Does anyone remember Marcus Tubbs? He was the 2004 first-round pick who anchored the defensive line during the Seahawks Super Bowl run, but saw his career end quickly due to injury soon after. His presence in the lineup represented a 30+ difference in rushing yards against. The Seahawks have been searching for his replacement ever since. Colin Cole came on last year, and was an average DT. Kevin Vickerson appeared to be an upgrade, but was cut this past weekend, likely due to salary and health concerns. DE Chris Clemons could be the first Seahawk defensive end to record more than 5.5 sacks since Patrick Kerney’s monster 14.5 sack 2007 campaign. He will be rushing the QB regularly, and will get more snaps than he ever has before. The combination of Clemons and DT Brandon Mebane caused serious havoc in the third pre-season game against the Vikings. Mebane played as well in that game as he has in his whole career. He largely vanished with the rest of the defense in 2009, but he has the talent to re-emerge. Red Bryant mans the left defensive end role, and could be a breakout player. He’s a very big man (325 lbs), with good quickness. Rookie Dexter Davis will see some time subbing for Clemons, and is a promising pass rusher. Fellow rookie EJ Wilson will spell Bryant. Depth overall is a concern, especially at the DT spots. This is a unit without a ton of upside, and their lack of top-shelf talent limits the potential of the defense.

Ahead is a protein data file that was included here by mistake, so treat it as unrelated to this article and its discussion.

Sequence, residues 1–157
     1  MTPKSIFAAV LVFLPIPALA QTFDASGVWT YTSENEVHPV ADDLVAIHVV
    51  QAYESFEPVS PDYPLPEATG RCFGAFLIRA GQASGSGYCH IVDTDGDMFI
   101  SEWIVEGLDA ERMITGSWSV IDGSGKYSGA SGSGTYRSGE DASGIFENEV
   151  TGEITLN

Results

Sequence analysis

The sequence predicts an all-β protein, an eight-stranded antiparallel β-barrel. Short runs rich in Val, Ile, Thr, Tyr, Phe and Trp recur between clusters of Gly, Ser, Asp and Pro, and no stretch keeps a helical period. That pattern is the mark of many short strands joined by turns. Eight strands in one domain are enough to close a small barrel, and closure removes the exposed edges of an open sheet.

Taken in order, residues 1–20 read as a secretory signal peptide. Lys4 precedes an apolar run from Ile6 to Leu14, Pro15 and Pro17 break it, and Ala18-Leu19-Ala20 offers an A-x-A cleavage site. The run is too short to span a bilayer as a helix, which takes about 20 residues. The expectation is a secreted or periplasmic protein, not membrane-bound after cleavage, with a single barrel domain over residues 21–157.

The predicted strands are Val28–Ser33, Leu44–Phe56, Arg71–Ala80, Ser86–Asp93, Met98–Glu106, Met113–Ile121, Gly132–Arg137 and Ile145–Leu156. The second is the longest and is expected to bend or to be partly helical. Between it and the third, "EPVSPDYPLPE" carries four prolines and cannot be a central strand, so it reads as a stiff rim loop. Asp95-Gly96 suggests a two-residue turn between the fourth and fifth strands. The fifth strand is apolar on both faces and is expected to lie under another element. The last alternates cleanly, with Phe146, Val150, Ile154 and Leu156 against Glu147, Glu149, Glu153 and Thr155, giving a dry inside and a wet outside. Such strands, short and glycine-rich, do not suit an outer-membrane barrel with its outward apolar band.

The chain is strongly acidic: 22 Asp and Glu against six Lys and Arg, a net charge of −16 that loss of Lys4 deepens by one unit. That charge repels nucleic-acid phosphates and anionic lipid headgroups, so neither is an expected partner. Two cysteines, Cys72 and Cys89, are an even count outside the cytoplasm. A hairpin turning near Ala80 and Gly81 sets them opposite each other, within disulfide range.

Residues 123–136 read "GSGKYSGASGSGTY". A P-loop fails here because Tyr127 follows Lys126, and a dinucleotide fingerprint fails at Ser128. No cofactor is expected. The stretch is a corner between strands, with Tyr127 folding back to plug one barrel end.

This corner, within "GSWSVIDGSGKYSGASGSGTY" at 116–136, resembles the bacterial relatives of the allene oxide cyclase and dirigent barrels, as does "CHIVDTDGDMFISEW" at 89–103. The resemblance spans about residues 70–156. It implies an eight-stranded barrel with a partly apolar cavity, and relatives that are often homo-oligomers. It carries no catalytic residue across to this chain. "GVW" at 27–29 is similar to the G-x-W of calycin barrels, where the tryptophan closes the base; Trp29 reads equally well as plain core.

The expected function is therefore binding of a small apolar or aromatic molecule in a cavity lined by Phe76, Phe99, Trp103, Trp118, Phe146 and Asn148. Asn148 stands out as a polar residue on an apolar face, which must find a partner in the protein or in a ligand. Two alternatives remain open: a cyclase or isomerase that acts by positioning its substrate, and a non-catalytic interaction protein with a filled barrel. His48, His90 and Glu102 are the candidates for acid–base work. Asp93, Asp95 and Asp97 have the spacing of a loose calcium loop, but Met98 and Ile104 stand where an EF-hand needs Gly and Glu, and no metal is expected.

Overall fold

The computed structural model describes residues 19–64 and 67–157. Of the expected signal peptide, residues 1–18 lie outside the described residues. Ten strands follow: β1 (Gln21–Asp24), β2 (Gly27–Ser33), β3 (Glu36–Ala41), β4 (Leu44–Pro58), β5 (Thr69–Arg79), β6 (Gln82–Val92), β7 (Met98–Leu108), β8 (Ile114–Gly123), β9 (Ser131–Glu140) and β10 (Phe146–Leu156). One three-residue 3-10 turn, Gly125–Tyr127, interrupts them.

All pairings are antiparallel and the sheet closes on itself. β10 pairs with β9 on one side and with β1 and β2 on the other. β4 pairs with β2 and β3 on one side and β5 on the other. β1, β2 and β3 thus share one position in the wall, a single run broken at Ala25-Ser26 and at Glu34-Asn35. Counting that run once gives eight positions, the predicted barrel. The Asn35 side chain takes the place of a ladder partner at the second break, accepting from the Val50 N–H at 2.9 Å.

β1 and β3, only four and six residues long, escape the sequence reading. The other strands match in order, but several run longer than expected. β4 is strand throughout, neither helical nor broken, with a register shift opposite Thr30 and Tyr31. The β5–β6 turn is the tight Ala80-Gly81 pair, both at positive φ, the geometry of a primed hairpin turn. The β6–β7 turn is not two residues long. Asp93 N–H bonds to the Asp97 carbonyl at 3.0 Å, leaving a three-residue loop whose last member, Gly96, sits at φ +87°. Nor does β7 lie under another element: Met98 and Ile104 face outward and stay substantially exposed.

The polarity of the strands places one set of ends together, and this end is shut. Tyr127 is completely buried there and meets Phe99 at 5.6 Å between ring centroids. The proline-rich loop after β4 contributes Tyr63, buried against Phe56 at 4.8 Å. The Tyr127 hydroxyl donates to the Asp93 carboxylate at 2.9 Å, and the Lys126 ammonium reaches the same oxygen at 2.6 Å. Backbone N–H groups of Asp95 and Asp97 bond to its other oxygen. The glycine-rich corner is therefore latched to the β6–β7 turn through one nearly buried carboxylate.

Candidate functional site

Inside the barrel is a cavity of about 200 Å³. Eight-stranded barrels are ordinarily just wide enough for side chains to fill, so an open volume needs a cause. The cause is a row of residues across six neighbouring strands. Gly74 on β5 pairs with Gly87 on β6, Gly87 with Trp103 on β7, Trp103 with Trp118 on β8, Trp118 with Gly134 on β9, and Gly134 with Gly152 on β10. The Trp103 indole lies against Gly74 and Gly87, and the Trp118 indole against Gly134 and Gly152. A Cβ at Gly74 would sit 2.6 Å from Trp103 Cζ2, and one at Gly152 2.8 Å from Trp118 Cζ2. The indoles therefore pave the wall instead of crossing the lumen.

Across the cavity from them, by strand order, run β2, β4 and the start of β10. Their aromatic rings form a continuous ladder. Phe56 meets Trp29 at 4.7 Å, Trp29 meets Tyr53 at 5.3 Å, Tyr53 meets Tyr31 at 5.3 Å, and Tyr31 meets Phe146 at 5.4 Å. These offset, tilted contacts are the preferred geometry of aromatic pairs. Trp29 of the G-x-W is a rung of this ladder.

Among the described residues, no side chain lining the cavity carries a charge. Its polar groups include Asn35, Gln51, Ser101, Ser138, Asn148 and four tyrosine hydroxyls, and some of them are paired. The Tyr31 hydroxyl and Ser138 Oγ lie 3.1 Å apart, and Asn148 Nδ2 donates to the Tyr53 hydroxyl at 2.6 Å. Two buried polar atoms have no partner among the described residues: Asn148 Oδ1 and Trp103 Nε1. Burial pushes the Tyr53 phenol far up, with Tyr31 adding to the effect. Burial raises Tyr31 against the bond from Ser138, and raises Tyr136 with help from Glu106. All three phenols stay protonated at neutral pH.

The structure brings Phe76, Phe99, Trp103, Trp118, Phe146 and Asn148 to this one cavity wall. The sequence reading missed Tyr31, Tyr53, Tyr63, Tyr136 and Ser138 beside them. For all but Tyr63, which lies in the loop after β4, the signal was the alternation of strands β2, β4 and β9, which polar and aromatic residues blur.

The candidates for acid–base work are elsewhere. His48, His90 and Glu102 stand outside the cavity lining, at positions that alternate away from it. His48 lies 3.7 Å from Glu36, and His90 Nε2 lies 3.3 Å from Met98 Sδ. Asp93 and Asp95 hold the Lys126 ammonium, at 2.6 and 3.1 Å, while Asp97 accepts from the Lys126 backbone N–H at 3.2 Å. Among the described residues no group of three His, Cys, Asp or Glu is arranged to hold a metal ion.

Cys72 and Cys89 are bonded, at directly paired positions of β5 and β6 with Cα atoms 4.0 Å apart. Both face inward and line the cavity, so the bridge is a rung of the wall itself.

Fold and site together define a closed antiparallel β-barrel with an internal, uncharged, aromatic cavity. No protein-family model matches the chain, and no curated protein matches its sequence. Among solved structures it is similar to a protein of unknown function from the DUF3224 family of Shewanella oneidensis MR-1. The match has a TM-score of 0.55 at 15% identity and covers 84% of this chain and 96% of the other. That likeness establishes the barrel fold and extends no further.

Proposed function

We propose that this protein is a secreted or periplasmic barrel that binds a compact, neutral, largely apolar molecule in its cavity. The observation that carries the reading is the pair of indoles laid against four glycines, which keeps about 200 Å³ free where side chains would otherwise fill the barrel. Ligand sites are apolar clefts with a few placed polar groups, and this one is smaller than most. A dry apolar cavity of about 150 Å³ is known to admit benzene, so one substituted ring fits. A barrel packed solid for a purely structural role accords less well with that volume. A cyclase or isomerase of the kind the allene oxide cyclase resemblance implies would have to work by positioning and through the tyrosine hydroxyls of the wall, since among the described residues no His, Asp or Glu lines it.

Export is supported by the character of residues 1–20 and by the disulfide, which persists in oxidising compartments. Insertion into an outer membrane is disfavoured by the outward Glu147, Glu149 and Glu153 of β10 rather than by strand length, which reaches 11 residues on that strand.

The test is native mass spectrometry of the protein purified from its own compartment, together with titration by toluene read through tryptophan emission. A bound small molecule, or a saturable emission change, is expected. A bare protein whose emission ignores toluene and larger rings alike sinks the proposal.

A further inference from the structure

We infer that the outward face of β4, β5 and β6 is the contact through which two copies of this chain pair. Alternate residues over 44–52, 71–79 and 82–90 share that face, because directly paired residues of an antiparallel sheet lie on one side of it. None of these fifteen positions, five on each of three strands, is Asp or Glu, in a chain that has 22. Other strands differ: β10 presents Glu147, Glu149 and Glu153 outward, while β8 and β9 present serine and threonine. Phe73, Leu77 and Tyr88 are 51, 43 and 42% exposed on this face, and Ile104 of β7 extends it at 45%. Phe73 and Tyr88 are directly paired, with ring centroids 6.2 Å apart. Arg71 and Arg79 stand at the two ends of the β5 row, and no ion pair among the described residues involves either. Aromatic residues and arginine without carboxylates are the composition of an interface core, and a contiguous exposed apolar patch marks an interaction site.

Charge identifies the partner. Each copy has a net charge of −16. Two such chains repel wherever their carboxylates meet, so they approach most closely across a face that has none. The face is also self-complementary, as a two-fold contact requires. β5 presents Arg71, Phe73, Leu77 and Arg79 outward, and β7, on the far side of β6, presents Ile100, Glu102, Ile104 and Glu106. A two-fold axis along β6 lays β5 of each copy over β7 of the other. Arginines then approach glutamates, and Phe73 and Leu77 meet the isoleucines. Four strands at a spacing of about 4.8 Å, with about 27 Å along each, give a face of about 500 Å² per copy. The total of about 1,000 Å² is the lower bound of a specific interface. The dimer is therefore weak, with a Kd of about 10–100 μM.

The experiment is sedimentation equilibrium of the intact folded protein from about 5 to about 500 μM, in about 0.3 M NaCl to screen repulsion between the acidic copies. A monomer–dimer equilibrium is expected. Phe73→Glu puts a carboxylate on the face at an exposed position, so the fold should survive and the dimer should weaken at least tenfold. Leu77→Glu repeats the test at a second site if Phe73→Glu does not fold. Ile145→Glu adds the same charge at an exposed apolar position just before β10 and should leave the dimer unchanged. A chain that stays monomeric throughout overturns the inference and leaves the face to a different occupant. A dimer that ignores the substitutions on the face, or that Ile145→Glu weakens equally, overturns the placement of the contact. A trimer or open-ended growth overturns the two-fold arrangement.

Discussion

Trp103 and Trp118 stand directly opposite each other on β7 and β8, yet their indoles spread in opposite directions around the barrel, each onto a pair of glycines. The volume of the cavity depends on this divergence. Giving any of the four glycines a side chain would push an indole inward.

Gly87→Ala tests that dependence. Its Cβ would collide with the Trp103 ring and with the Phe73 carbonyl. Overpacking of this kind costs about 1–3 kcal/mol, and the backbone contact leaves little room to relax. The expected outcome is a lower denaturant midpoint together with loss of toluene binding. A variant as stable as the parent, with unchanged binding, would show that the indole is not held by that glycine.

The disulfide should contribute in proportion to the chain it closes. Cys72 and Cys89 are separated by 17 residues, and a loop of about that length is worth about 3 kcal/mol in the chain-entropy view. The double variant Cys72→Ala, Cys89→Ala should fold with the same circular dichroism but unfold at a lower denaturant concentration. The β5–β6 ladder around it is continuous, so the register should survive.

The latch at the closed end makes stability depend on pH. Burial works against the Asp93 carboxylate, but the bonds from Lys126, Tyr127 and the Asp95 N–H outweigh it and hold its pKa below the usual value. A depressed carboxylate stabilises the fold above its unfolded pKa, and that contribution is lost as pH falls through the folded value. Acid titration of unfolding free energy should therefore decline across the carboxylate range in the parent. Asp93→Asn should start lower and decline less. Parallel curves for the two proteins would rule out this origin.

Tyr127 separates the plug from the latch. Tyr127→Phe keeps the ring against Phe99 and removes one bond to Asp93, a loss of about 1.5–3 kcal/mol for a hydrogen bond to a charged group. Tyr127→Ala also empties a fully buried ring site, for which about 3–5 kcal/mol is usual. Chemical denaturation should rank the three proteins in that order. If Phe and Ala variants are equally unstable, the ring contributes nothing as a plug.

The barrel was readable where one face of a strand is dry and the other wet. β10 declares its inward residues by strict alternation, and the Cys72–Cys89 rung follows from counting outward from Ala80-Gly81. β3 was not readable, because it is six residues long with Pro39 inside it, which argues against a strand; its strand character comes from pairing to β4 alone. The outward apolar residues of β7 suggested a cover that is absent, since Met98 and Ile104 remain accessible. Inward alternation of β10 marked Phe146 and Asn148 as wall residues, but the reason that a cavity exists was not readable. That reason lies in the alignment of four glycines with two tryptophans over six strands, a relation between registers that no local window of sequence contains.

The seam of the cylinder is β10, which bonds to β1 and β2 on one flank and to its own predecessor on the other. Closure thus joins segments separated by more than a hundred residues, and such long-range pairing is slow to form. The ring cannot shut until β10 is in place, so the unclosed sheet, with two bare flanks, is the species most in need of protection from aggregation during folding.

Defense – Linebackers
The hyped trio of Aaron Curry, LeRoy Hill and Lofa Tatupu never stayed on the field long enough to judge how good they really are as a group. Hill and Tatupu were injured, and Curry was major disappointment. The best linebacker on the team was backup MLB David “Heater” Hawthorne who averaged a near NFL-best 9+ tackles during his stretch of late-season starts. Only All-Pro 49er LB Patrick Willis averaged more tackles/game than Hawthorne during that span. This linebacking corp was built for speed. It is highly dependent on a strong defensive line to keep lineman off the linebackers so that they can roam free to make tackles. Without that strong d-line, this unit has been largely ineffective.